The other problem is that the free education system of Cambodia is not free at all. Author Joel Brinkley calls the system corrupt – but the truth is, state run high schools have resorted to charging for tuition because they do not receive enough from the Government. Cheat (that’s his nickname) requires $5 per month for English tuition, $7.50 for mathematics, $7.50 for school materials and – given the family circumstances, also requires $10 a month to cover living expenses – the income he can’t earn if he attends school.

This comes to $US40 per month – a modest sum for which I’d love to find a sponsor.

It strikes me that this is an efficient way of helping a young student who is clearly motivated to complete high school and, in time find a good job so he can support his family. The support enables us to support a young person’s future while keeping the family intact.

Please contact me if you would like to be a sponsor.  The next step will be to complete some paperwork (NGO’s must prepare an agreement with the family, so that they must spend the money for the purposes given) and then, with your support, we can commit to Mouencheat.

He lives in your global village. Would you be prepared to assist?

Today I met a student who needs our help


At least 4 million Cambodians, according to the best available figures, are living below the poverty line. Most of these – 92% in fact – are farmers dwelling away from the main towns and cities. Go just 14kms out of Siem Reap and you will travel into communities where agriculture is a precarious means of existence – dependent on a good harvest of rice, for example, or on fair prices. One bad season can spell ruin. It only takes one.

From within this background I was contacted via Facebook today. We often luxuriate in our friends’ chitchat don’t we – but this same medium puts us just one or two degrees, now, of some of the world’s poorest. I think with the luxury comes a responsibility.

The boy who contacted me is 17. His father is no longer alive, and his mother – a farmer – is finding it hard to make ends meet. She has married again, but the new husband does not get on with his step-children. He doesn’t want to support the boy through schooling which costs around $US20 per month. A new semester began today and he is being asked to stay home rather than go to school. “My mind is unhappy,” he told me.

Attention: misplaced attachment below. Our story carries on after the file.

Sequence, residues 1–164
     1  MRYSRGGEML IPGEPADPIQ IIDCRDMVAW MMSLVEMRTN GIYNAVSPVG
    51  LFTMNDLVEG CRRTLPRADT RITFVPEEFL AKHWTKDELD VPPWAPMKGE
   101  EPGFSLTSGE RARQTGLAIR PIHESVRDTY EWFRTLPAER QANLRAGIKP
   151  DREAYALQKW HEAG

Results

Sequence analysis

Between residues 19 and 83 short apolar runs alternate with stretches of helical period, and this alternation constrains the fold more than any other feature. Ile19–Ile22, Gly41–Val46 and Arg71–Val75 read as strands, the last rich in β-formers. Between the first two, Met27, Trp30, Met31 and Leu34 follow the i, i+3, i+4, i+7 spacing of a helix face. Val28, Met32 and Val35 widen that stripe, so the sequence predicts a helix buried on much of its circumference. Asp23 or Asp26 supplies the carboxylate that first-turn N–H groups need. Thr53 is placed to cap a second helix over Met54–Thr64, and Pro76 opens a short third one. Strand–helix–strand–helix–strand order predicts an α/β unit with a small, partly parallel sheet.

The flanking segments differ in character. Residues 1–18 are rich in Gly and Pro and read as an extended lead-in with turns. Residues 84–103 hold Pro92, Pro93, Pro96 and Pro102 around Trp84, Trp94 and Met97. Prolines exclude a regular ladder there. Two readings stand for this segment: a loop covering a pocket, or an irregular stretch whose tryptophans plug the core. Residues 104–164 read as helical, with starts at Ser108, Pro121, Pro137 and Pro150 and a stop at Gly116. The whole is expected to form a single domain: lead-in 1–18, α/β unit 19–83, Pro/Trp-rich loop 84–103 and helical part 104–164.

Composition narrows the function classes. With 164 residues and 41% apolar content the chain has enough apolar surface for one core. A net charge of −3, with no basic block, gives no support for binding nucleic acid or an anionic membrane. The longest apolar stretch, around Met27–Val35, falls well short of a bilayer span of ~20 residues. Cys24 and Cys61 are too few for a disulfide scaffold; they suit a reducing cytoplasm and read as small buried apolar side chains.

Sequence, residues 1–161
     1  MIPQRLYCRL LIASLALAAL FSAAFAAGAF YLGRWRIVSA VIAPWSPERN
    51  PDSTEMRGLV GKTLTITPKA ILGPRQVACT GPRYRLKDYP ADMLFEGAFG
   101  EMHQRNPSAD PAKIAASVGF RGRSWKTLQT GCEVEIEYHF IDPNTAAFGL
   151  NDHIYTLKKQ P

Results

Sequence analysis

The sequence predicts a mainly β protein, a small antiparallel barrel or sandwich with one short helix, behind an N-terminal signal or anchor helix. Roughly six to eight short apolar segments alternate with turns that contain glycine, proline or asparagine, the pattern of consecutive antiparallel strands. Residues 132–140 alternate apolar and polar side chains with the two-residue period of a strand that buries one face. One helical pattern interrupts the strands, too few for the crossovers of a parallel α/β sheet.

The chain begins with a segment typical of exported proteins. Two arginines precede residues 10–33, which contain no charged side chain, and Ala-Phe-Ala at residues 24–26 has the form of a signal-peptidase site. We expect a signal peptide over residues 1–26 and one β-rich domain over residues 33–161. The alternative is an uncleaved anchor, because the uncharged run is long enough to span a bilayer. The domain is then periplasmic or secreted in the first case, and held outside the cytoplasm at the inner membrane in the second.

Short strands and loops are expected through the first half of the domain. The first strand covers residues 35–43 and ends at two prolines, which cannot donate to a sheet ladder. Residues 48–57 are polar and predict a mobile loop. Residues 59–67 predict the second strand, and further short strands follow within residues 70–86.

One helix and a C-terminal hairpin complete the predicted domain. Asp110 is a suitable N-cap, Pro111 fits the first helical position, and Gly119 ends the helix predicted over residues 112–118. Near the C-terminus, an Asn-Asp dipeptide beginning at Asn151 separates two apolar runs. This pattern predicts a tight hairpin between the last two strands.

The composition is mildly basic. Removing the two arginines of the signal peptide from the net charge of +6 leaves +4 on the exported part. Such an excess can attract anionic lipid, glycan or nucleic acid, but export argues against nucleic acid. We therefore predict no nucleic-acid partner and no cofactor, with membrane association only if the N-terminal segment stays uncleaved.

How should I respond? After some thought I told the boy to contact Savong, and then I contacted Savong to ready my friend for the call.  Savong was very clear-headed. He set out a step by step process to ensure that his NGO would be supporting someone deserving.

1. We send staff to see the boy and his family – to interview them.

2. We will ask chief of village and commune about their background and living conditions too .

3. If everything is true then we will send information to you.

It is necessary, of course, to assess needs before we hand out money, and even if we do go ahead, we need to ensure the money goes toward the schooling for the Grade 9 student, and does not get diverted elsewhere.

Having never met the boy in person, I cannot be sure, yet, what Savong’s verdict will be – but I do know that Savong has a very clear purpose for his NGO and in his email to me he stated it bluntly:

Our goal of NGO to support poor people not rich people. If I support rich people it would be wrong goal of our NGO and the government will complain.

So stay posted and we’ll see what happens. I do admire the boy however. He doesn’t have many resources, but he does have access to social media and he’s followed our websites etc to find a possible solution to his crisis. He has shown initiative and, like so many young Cambodians has expressed his desire to further his education – that’s all he dreams of.

Post script: We found a supporter for Moeuncheat and he is proving to be a stellar student. This week (March 2014) he scored 150 out of 150 in his maths exam. Surely he is heading to University. However there are many more students such as Moeuncheat who could do with you help. Email me if you’d like to be part of one of these wonderful stories.

Duncan Stuart

Ally Holmes and friends from Tasmania

Few visitors to Savong’s School and SHEC get so committed as Ally Holmes who returned to Cambodia earlier this year having raised funds and having brought friends who could make a real difference – for example through installing a water pump at SHEC, and through gifting school supplies including an HP printer. This video by Brianna McIntosh tells their story.